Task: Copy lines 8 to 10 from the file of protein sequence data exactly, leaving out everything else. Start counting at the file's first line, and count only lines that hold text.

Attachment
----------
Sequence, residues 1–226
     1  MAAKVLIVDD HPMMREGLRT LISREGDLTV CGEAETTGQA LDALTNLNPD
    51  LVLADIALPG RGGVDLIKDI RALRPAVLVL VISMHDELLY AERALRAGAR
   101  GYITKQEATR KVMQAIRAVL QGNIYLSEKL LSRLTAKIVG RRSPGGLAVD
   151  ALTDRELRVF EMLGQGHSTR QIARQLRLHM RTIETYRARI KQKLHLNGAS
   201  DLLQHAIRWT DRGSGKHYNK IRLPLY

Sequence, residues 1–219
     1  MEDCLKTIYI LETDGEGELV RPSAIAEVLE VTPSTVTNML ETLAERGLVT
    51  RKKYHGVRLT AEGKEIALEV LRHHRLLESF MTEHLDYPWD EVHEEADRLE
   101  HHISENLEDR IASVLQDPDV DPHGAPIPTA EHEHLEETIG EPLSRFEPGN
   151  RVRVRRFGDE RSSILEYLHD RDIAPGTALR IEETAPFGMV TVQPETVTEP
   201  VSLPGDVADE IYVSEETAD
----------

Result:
     1  MEDCLKTIYI LETDGEGELV RPSAIAEVLE VTPSTVTNML ETLAERGLVT
    51  RKKYHGVRLT AEGKEIALEV LRHHRLLESF MTEHLDYPWD EVHEEADRLE
   101  HHISENLEDR IASVLQDPDV DPHGAPIPTA EHEHLEETIG EPLSRFEPGN